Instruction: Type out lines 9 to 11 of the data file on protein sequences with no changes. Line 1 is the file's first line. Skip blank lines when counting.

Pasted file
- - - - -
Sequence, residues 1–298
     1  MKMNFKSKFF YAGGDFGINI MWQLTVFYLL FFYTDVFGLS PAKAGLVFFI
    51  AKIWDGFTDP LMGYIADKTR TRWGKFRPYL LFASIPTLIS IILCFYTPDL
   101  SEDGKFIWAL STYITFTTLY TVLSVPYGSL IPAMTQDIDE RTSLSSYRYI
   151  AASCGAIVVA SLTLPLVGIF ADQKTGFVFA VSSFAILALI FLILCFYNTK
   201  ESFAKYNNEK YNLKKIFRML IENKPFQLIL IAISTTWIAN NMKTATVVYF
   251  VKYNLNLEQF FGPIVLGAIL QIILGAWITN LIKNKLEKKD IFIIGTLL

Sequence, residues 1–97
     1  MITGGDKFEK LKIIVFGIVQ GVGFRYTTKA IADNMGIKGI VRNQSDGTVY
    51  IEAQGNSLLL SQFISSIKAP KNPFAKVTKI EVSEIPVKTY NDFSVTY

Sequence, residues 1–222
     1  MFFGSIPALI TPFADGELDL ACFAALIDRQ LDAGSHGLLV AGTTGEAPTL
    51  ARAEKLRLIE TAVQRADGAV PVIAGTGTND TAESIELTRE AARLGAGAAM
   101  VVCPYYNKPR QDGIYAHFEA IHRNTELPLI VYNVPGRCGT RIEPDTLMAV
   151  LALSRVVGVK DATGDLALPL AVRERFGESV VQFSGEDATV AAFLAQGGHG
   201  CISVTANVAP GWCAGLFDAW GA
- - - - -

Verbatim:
     1  MITGGDKFEK LKIIVFGIVQ GVGFRYTTKA IADNMGIKGI VRNQSDGTVY
    51  IEAQGNSLLL SQFISSIKAP KNPFAKVTKI EVSEIPVKTY NDFSVTY

Sequence, residues 1–222